The ADI and HSI of the present invention incorporate liquid crystal display (LCD) technology, known to those of ordinary skill in the art, to produce the visible display on an ADI or HSI. This particular technology, which may be an active matrix liquid crystal display (AMLCD) consists of a series of rows and columns of red, green, and blue dot transistors sandwiched between two glass panels. A liquid crystal fluid is activated by a voltage which changes the plane of polarization causing the dot transistors to emit light in the colors of red, green or blue or a mixture thereof. There can be several hundred columns of dots going across the display as well as hundreds of vertical rows of dots which can result in over one hundred thousand individual transistor switch dot triplets of red, green and blue. The liquid crystal display is driven by electronics contained within the body or chassis of the ADI or HSI assemblies.
The present invention provides a new and enlarged viewing display on an electronic flight indicator to be installed in a standard ARINC cutout on an aircraft instrument panel. The electronic flight indicator includes a body or chassis portion, a front mounting flange, and a bezel assembly on the face of the flight indicator. The present invention places the display screen into the front mounting flange and the bezel which reside just outside (the cockpit side) of the standard ARINC cutout on the instrument panel. By moving the display screen to the front flange an increased viewing area can be obtained.
The present inventor had to overcome certain obstacles to obtain a working display in the front flange of the flight indicator assembly. First, to provide light to the entire viewing area on the screen it became necessary to move the backlight, which prior to the present invention existed in the body or chassis of the flight indicator, to a position immediately adjacent to the rear of the bezel and just behind the display screen. Second, a display interface was needed to make contact with the glass, now moved to the front mounting flange. The display interface enables the dot transistors to receive electronic signals from the interface electronics in the chassis which have processed signals from various aircraft sensors.
It is recognized that the present invention is useful in other display indicators besides those found in aircraft. Similar indicators may be found in submarines, tanks, ships, and other vehicles. The present invention will be better understood from the following description of the drawings and detailed description of the preferred embodiments.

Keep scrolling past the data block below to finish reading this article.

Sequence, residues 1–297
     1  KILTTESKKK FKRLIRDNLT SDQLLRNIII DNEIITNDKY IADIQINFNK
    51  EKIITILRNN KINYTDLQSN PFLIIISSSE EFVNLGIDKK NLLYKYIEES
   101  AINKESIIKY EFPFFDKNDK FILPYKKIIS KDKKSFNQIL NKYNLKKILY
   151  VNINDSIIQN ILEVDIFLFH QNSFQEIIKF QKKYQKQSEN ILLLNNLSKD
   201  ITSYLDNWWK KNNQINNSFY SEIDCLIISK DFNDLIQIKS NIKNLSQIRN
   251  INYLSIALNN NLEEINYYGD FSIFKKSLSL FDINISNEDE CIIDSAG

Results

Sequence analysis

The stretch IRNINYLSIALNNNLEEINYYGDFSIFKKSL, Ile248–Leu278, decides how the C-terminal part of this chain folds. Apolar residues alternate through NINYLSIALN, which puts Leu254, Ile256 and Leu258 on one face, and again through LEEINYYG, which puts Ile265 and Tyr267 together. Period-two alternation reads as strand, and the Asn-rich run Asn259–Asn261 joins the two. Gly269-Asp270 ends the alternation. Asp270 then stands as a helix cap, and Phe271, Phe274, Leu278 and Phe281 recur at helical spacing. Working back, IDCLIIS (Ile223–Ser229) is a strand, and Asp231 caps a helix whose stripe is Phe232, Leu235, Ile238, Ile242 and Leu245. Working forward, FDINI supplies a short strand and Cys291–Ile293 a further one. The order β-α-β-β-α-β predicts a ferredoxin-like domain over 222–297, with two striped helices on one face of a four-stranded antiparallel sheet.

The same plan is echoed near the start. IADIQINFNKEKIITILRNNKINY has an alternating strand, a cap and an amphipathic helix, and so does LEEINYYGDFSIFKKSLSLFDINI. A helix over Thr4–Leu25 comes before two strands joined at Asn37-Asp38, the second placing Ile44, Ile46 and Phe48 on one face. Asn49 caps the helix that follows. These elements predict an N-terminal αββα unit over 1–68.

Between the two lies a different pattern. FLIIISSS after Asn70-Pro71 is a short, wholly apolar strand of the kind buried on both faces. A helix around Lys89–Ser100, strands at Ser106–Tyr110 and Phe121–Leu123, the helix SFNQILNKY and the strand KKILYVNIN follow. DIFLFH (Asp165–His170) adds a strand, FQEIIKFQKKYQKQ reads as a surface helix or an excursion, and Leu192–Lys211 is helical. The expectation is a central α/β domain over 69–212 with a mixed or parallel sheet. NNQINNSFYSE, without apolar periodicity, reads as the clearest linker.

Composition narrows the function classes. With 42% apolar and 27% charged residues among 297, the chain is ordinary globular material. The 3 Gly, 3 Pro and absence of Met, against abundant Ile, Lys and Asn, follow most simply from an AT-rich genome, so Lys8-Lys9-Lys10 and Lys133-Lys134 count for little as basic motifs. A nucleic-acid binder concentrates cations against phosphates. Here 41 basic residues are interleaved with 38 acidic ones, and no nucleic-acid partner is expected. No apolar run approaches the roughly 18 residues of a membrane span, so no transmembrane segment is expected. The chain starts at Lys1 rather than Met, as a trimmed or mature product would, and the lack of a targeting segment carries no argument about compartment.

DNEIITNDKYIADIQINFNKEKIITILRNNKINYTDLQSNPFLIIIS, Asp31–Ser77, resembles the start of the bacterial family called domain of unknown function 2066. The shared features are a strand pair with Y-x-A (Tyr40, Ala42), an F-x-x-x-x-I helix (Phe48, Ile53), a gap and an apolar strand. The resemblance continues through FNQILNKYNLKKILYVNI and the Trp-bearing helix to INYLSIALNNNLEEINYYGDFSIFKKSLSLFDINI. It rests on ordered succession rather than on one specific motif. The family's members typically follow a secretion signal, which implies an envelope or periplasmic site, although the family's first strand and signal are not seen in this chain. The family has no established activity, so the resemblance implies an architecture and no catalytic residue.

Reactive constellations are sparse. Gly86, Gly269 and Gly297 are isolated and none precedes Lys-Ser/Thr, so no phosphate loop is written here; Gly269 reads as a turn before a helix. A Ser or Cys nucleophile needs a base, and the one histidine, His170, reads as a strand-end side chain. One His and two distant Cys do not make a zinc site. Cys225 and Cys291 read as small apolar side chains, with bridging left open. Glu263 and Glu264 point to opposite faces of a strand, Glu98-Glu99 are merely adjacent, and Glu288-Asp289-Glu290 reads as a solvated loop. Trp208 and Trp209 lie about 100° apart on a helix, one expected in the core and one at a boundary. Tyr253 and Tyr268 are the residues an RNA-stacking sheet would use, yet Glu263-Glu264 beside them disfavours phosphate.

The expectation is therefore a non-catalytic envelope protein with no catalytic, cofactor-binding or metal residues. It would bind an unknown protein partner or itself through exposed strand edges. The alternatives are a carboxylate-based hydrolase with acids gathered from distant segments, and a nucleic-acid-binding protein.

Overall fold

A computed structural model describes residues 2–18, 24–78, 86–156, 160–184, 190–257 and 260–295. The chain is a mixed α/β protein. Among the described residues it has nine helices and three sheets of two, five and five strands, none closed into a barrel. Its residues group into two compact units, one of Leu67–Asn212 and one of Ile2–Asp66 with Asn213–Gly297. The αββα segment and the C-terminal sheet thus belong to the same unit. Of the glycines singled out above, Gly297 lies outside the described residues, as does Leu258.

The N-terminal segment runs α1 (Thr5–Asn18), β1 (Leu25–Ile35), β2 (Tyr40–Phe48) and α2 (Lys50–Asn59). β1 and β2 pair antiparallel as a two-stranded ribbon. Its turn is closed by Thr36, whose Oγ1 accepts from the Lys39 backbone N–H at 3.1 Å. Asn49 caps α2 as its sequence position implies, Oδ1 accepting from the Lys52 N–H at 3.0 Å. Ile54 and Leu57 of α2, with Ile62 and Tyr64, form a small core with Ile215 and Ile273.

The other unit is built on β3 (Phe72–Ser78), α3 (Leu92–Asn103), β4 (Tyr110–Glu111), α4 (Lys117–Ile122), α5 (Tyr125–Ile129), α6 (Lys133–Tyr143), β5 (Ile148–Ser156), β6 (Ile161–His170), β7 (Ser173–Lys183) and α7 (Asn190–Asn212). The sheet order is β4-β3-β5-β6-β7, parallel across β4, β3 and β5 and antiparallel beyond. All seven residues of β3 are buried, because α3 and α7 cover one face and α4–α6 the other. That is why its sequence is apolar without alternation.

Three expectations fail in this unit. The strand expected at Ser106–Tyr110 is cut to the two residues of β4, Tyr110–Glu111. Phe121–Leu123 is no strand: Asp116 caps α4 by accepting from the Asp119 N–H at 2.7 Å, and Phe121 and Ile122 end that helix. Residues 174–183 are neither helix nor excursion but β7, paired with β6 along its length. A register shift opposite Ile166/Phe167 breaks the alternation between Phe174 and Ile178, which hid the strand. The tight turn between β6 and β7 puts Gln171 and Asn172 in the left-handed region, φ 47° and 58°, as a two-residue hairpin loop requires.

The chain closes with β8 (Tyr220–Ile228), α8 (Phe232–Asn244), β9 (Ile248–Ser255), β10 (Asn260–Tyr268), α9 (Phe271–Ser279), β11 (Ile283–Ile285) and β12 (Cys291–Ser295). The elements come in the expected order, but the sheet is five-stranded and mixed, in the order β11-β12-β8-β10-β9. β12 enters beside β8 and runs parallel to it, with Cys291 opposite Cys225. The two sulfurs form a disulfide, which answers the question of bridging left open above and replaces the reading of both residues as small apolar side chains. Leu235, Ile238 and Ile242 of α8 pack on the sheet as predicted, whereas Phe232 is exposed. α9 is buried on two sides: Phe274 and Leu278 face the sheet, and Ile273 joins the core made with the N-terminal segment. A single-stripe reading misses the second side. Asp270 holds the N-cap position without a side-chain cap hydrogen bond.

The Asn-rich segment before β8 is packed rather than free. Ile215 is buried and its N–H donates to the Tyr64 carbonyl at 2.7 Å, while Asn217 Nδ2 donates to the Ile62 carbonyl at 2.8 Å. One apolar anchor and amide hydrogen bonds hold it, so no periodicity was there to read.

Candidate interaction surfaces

FIG. 1 is a side view of an electronic flight indicator of a type that could incorporate the present invention;
FIG. 2 is a perspective view of an operator bezel for use with the present invention;
FIG. 3 is a side view of the bezel of FIG. 2;
FIG. 4 is a plan view of an adapter plate for use with the present invention;
FIG. 5 is a side elevational view of the adapter plate of FIG. 4;
FIG. 6 is a display side, plan view of a mounting flange for use with the present invention;
FIG. 7 is a plan view of a display interface device of the present invention;
FIG. 8 is a cross sectional view of the display interface of FIG. 7;
FIG. 9 is a perspective view of a tray of the present invention for housing the display interface of FIG. 7;
FIG. 10 is a plan view of the tray of FIG. 9;
FIG. 11 is a chassis side, perspective view of a lamp module of the present invention;
FIG. 12 is a display side, perspective view of the lamp module of FIG. 11; and
FIG. 13 is a view looking down onto the top side of the lamp module of FIG. 11.
Referring now to the drawings, and particularly FIG. 1, there is shown a typical electronic flight indicator (20) as it resides in an aircraft instrument panel (22). The indicator (20) includes a bezel (24), a mounting flange (26), an adapter plate (28), and a chassis (30), which houses the electronic components and circuitry that receives signals from various devices in the aircraft, processes those signals, and produces a display on the viewing screen (32) visible through the opening in the bezel (24). The bezel (24) resides on the side of the instrument panel (22) closest to the pilot. The chassis (30) resides substantially on the side of the instrument panel opposite the cockpit and in the direction of the nose of the aircraft. The manner in which the electronic flight indicator (20) receives signals from the aircraft and processes those signals to produce a display is known to those of ordinary skill in the art. In one preferred embodiment of the present invention, the display is an active matrix liquid crystal display which may be a horizontal situation indicator or an attitude direction indicator.
FIG. 2 is a perspective view of the bezel (24) having an opening (34) for viewing a display produced on liquid crystal display glass (32). FIG. 3 shows a side view of the bezel.